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Old 10-29-2007, 01:53 PM   #11
Mike ODonnell
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came across this at random today and it relates to this...interesting of course how it is a plan geared towards no meat or dairy...aka vegan...but what I took from it was more so the importance of enzymes from fruits and vegetables...perhaps an IF approach with digestive enzyme supplementation (on an empty stomach) would be of benefit? (disclaimer...not a dr...and nothing I say is or will ever be approved by the fda)

http://www.colitis-crohns.com/about.html
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Old 10-29-2007, 05:46 PM   #12
Garrett Smith
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MOD, I see your point. Just wanted to say that up front...

Ah yes, the raw food & enzyme vegan presentation.

Raw meat has enzymes too. I've also had to seriously repair folks who ate a nearly all raw fruit diet from systemic candidiasis that nearly killed them--but at least they were getting their enzymes!!!

Do I think that the best diet leans towards a majority of food taken raw or lightly cooked? Absolutely. Do I completely agree with the enzyme crowd, that enzymes will save the human race? Hardly.

I'd say there is a reason that guy is kneeling. If he stood up and turned sideways, it would probably be tough to see him. Same is true for another raw vegan guru, Dr. Gabriel Cousens.

Do I think a temporary meat-free diet could be of huge benefit? Absolutely. However, I also don't think it works for humans long-term.

Last thing on the enzymes--if there was such a huge deficiency from cooking our food and our lives have constantly been getting shorter due to a lack of enzymes, I'd have to think the human race would have petered out a LONG time ago.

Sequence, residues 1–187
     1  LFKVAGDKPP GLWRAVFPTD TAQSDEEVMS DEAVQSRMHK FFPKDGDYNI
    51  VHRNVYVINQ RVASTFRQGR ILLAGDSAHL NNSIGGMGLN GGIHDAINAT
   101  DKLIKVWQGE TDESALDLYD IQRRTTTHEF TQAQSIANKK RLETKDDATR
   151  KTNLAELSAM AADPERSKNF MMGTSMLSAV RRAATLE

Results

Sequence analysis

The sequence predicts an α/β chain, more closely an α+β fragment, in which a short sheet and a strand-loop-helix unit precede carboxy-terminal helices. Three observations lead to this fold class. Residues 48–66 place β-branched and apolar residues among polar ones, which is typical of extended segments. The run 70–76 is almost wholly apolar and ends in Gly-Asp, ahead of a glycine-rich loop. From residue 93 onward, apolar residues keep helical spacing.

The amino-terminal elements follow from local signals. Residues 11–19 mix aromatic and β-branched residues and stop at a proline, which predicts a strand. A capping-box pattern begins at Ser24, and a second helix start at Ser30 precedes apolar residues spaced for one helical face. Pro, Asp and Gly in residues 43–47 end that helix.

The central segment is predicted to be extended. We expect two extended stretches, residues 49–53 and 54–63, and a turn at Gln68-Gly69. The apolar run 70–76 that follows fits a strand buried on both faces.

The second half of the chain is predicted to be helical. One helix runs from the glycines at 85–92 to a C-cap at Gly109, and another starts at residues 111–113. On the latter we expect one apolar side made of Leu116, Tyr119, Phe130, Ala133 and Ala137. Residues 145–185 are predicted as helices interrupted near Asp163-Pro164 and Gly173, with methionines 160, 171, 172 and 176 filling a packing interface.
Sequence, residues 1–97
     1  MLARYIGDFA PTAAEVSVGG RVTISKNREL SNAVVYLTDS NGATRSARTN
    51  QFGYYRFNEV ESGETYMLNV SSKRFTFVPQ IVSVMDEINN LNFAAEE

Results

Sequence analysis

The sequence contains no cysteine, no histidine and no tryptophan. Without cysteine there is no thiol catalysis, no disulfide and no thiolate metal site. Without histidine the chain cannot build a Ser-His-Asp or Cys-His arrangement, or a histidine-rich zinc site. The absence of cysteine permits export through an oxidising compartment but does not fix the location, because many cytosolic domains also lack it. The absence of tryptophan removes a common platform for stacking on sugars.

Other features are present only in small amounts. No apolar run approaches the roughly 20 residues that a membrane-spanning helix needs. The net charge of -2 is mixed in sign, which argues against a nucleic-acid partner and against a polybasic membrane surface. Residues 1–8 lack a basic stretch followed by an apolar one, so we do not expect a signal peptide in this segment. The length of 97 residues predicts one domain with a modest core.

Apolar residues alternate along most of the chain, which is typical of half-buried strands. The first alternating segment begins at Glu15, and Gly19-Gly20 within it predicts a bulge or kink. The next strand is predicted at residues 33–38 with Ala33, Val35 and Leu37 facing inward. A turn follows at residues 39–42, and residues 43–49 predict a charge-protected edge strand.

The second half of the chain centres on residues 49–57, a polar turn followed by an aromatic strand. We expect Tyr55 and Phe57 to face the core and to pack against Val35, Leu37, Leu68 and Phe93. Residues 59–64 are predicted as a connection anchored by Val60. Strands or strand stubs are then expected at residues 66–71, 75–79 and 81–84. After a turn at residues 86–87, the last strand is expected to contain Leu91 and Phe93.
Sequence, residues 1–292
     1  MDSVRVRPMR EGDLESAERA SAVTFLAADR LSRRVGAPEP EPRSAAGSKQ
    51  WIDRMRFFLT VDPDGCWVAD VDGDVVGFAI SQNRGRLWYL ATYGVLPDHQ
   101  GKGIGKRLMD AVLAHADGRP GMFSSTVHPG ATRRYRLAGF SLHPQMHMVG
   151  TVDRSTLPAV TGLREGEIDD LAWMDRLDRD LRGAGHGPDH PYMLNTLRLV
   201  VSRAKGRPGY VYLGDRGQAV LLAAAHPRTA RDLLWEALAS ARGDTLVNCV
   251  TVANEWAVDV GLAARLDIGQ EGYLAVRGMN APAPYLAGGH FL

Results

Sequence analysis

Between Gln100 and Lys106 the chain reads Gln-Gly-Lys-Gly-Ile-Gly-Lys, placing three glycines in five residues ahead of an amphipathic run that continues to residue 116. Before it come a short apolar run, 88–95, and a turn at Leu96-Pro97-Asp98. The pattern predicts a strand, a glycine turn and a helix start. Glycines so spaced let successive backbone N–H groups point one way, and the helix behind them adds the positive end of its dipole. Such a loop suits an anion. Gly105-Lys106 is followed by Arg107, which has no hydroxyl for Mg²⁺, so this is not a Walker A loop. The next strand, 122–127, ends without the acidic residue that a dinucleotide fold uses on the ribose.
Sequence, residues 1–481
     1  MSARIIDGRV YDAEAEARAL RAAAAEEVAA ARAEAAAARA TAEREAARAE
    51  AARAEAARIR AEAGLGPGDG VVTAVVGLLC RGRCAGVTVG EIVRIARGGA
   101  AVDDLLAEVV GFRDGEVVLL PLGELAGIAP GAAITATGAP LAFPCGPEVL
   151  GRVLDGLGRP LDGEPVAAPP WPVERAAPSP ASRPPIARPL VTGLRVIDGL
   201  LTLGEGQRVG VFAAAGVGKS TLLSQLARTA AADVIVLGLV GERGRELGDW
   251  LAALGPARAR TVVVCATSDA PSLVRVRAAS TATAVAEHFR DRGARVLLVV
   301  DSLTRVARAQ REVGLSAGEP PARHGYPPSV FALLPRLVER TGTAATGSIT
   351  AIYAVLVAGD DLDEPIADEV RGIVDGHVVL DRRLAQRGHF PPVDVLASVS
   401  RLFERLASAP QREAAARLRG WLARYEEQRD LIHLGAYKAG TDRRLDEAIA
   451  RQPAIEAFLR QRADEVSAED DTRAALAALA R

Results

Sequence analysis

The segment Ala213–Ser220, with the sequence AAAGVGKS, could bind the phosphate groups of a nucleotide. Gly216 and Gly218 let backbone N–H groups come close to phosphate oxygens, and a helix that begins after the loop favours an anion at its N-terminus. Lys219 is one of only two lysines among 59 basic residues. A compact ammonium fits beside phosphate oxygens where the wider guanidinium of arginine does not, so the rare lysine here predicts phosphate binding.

Could proteolytic (in particular) enzymes help with improving health through reducing inflammation? Absolutely. Took me a while to get there, eh?
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Old 10-29-2007, 08:22 PM   #13
Mike ODonnell
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Quote:
Originally Posted by Garrett Smith View Post
Ah yes, the raw food & enzyme vegan presentation.

Could proteolytic (in particular) enzymes help with improving health through reducing inflammation? Absolutely. Took me a while to get there, eh?
eh? Going Canadian on us Dr G? Ha.....yes was only looking at the health benefits of supplementing dig enzymes during periods of no digestion (IF) and the benefits for repair of tissues and other cellular functions...I was in no way trying to promote vegan lifestyle as I think it is a crock and I love my dead animal meat!! Go meat!! Might try some enzymes am and before bed.
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Old 10-29-2007, 09:10 PM   #14
Garrett Smith